Daddy burst in and kissed me, dropped his hat on the table. He stared at Mami for a minute, all quiet like he was wondering something. His white t-shirt was a little too tight, just how he liked it. Mami used to wash them in boiling hot water to make sure they looked just like that...like they could barely contain all of Daddy.
After a minute (might have been shorter, but that's how it felt), he cleared his throat. To my mother’s back he said, "So...you know what I hear at the store today?" "Heard" Mami corrected, automatically. Daddy rolled his eyes at me--he hated when Mami corrected him, hated that her English was native...but he hated it more when she didn’t, and he made a mistake in front of the people who looked up to him.
"So I heard," he said, giving the word a heaviness that was like stamping his foot, "that Marta is coming here for a few weeks to visit her sister in law. Remember her?"
She didn’t react, not right away. Just kept washing and humming Love will keep us together. Then she turned around, bubbles still near her wrist and said, "Yeah?" But it didn't sound curious. It didn't sound like any tone I'd heard from her before.
I knew I should leave them alone, so I slid out of the room before I was asked, so I could linger on the other side of the doorway.
"Why you always tense up when I mention her?" He asked in a way that told me he already knew the answer. I waited for Mami to correct him, but she didn’t.
"Why you always bring her up?" she said, sounding like him.
"What’s the big deal? It’s the past. Past is past."
"Then leave her there. Stop reminding me of it."
"What reminder? I just bring her up now!"
"That’s what you think." She sounded tired. "I know what everyone says...that I stole you from her. That I’m an Americana thief."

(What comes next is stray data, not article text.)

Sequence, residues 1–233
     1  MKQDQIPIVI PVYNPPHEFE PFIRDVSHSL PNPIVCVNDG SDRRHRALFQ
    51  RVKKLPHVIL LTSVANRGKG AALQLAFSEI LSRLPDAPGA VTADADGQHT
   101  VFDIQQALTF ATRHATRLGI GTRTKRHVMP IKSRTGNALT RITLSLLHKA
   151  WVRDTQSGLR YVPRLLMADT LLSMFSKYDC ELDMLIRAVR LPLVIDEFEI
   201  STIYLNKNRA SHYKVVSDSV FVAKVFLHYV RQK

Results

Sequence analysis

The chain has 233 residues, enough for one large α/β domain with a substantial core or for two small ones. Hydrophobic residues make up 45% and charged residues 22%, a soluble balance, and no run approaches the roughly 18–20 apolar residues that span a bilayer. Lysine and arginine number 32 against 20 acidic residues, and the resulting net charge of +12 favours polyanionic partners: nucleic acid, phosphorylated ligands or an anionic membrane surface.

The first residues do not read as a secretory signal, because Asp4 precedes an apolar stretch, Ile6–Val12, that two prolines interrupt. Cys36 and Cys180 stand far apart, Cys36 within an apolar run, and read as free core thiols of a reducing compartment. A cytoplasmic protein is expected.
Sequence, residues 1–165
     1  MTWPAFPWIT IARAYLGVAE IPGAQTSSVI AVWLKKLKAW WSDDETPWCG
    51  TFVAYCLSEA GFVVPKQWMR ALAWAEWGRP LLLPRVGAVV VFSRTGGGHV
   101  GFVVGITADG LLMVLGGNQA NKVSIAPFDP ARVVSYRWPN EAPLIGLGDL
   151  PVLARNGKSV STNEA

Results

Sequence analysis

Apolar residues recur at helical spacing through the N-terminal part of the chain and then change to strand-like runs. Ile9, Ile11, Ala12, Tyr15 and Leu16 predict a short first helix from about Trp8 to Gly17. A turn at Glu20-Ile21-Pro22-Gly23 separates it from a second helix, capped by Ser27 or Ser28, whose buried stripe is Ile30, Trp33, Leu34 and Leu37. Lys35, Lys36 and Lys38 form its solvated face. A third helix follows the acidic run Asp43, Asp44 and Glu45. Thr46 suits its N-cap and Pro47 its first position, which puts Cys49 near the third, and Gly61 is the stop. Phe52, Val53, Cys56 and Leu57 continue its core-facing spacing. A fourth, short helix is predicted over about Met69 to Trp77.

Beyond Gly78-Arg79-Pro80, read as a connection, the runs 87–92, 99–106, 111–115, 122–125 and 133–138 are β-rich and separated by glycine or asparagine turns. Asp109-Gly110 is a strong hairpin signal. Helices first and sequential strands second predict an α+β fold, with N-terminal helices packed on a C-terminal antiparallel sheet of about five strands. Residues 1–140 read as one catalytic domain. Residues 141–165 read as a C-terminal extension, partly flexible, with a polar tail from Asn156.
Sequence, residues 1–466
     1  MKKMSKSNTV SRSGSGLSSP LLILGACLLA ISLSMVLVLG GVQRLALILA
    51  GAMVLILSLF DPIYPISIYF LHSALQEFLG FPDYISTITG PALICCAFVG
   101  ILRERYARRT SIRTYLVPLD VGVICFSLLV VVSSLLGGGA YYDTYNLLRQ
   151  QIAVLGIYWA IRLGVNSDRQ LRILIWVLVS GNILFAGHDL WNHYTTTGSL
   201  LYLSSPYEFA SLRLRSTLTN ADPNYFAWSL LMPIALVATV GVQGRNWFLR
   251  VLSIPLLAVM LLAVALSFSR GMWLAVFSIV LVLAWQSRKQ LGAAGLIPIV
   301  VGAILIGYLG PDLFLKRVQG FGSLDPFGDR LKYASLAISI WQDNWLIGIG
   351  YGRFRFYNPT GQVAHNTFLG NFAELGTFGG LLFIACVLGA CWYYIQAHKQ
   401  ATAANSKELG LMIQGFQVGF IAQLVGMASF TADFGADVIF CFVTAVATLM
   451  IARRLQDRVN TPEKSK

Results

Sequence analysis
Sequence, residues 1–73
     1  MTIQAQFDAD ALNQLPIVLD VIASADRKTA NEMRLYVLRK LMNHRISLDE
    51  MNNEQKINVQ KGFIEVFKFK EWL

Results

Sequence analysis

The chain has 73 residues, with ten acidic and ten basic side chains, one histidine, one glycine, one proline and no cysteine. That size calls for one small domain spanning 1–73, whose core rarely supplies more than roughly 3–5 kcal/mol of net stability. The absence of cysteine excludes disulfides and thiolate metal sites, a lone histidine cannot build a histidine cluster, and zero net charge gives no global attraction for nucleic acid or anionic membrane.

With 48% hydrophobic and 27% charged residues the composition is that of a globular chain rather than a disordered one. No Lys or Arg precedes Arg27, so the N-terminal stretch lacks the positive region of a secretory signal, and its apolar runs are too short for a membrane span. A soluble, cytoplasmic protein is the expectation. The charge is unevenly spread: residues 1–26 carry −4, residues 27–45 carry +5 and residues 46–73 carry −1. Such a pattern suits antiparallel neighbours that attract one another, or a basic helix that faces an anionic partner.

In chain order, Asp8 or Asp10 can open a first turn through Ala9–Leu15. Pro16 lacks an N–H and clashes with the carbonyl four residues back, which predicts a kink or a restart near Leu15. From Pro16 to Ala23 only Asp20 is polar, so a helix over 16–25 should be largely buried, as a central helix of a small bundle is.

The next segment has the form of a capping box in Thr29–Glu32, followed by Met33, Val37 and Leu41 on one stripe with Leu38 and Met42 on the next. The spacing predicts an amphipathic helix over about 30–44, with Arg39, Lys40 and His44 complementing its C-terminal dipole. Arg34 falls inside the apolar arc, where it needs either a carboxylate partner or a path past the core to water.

"Nah...they know. They know I needed to stay. They know what happened."
I think he was trying to make her feel better, and he reached out to flick her apron, but I could see her flinch away from his hand. "I really wish you hadn’t said that."
And with that, she walked out of the room.
I spent years after that, playing that conversation over and over in my mind. So short, small words, and the meaning always seemed to be off to one side, moving away from me. Everything changed, but nothing changed. It was like the kitchen floor was cracked, and we had to walk around it and around it until we couldn't anymore. We had to pick a side. But it wasn't whole anymore.
That was the summer I became a thief--saving time, just like Tio Pepe prophesied, because just like everyone around me, I would have become one eventually. That was the summer I stopped keeping my time in the kitchen, learned to keep quiet and my stories inside my mouth.
Because that was the summer I learned something about stolen goods. Sometimes you can’t get rid of them. Sometimes you can’t give them back.
To steal more Sunday Scribblings, go here.
Labels: sunday scribblings